If you’re looking for a fresh literary voice, look no further than Zadie Smith, a British novelist best known for her debut, White Teeth, an engrossing novel that spans the decades-long friendship of an Englishman named Archie and his best friend Samad, a Bangladeshi who immigrated to England after World War II. Smith’s gift lies in her rich character development and absorbing portrayals of the immigrant experience. Life in the rich melting-pot of cultures (and the inevitable culture clash that ensues) in London, and, in the case of her novel On Beauty, Boston, is a recurring theme in Smith’s novels.
White Teeth won numerous awards, including the Guardian First Book Award, the Whitbread Prize, and the Overall Commonwealth Writers Prize. Smith’s third novel On Beauty was shortlisted for The Man Booker Prize and won Britain’s prestigious Orange Prize for Fiction (awarded to the best English-language novel written by a woman of any nationality). Most deserving of these accolades, Zadie Smith is an author not to be missed.
Smith’s novels are White Teeth, The Autograph Man, On Beauty, and her long-awaited latest offering, NW; she also wrote a collection of essays entitled Changing My Mind. NW just hit shelves this fall and is a captivating read, focusing on the lives of four young residents of the Northwest part of London (hence the title) – check your local library for a copy.
It’s hard to imagine that the master of the macabre who wrote the novella The Hellbound Heart and its subsequent movie adaptation Hellraiser, would also be a successful teen author. This is a gap that Barker has easily bridged. Through all his written works and creations as an artist, what comes through strongly in his visions is his deep passion for the fantastical and for worlds hidden within our own. Here is a selection of fiction titles available at the Library, but you will also find him popping up with short stories in a variety of anthologies. To see a complete list of his books and to find more information, please visit the author’s website www.clivebarker.info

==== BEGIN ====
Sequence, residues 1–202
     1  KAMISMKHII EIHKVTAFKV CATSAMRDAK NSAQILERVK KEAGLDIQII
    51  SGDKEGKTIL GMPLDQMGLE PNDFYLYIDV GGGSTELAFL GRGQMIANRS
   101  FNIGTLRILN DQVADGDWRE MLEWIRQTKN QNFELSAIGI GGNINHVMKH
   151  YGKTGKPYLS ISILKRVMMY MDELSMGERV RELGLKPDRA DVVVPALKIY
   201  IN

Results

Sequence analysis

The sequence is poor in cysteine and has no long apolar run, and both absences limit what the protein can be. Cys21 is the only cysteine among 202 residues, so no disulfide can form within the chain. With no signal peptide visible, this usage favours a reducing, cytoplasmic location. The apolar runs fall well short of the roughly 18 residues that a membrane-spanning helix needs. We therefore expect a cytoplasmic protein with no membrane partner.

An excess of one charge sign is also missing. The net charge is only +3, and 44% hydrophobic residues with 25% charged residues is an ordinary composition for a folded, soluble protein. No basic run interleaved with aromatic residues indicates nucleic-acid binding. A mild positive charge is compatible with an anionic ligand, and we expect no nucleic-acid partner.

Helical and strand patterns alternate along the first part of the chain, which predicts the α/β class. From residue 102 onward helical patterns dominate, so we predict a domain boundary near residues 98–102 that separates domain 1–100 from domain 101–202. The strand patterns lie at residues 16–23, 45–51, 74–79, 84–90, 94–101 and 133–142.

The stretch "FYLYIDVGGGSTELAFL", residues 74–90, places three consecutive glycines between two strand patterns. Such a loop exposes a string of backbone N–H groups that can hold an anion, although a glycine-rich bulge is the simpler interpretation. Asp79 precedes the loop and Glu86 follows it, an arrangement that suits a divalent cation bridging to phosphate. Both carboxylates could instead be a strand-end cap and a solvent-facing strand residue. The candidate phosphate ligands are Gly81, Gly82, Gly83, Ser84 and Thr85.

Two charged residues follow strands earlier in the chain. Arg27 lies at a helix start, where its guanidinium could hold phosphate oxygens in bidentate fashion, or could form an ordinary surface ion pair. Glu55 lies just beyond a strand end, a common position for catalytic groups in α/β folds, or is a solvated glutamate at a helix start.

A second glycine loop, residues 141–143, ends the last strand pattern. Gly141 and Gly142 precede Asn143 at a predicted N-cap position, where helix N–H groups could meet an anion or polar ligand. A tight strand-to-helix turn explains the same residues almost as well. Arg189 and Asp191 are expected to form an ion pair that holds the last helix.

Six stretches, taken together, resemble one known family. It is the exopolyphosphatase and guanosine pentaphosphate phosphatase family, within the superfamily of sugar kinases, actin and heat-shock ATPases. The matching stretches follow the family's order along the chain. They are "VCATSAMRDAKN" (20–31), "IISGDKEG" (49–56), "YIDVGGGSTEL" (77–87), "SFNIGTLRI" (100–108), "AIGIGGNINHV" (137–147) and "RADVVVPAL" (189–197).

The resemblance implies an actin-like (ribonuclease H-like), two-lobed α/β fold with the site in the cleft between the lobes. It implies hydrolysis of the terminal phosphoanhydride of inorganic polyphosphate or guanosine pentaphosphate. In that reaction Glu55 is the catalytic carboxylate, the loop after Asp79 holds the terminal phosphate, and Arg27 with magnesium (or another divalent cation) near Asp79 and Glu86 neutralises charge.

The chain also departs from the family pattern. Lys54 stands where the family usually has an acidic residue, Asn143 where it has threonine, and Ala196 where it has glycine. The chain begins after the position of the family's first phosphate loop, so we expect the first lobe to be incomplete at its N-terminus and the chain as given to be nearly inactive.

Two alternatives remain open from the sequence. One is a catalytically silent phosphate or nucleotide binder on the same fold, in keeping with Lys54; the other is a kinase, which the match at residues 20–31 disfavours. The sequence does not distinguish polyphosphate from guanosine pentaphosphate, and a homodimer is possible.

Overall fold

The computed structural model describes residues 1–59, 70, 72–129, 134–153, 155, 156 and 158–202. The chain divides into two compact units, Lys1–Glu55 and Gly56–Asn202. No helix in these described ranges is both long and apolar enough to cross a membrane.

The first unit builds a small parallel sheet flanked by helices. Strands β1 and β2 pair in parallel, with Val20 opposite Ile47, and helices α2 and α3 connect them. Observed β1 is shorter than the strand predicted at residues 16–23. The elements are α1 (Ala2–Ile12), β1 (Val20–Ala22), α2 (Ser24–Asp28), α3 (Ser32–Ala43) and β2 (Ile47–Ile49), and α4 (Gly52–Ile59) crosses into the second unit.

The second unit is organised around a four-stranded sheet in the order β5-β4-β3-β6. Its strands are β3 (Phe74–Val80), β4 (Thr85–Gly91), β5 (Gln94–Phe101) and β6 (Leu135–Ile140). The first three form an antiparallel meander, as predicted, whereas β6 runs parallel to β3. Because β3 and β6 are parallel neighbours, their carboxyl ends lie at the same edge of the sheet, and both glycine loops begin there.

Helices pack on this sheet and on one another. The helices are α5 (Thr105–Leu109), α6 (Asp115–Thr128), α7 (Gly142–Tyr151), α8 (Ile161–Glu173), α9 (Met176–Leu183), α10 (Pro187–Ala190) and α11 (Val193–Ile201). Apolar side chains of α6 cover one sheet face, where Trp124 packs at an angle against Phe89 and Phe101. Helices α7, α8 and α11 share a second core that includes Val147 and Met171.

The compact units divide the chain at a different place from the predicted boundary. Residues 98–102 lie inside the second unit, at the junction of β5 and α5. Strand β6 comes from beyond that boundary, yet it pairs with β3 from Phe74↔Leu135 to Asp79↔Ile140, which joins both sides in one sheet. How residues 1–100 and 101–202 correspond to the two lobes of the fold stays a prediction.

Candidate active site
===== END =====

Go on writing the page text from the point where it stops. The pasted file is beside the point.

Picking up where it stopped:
The Books of Blood
The Damnation Game
The Great and Secret Show (Book of the Art #1)
The Thief of Always (teen)
Everville (Book of the Art #2)
The Essential Clive Barker
Abarat: The First Book of Hours (Abarat #1) (teen)
Days of Magic, Nights of War (Abarat #2) (teen)
Absolute Midnight (Abarat #3) (teen)
Clive Barker’s A-Z of Horror
Clive Barker Visions of Heaven and Hell
The Painter, the Creature, and the Father of Lies
by Louise Hilton
Emily Giffin is the bestselling author of five novels including Something Borrowed, its sequel Something Blue, and Heart of the Matter. Giffin worked as a litigator in Manhattan for several years before leaving the practice of law and moving to London where she tried her hand at writing contemporary fiction. It paid off – her debut novel Something Borrowed was a runaway hit, and her other novels have followed suit, consistently landing on the New York Times bestseller list. Known for making her characters relatable and human and putting them in complex situations, Giffin’s books are worth checking out. Her latest book, Where We Belong, comes out this summer.
Visit Giffin’s website for reading guides, her blog, and a hilarious author timeline.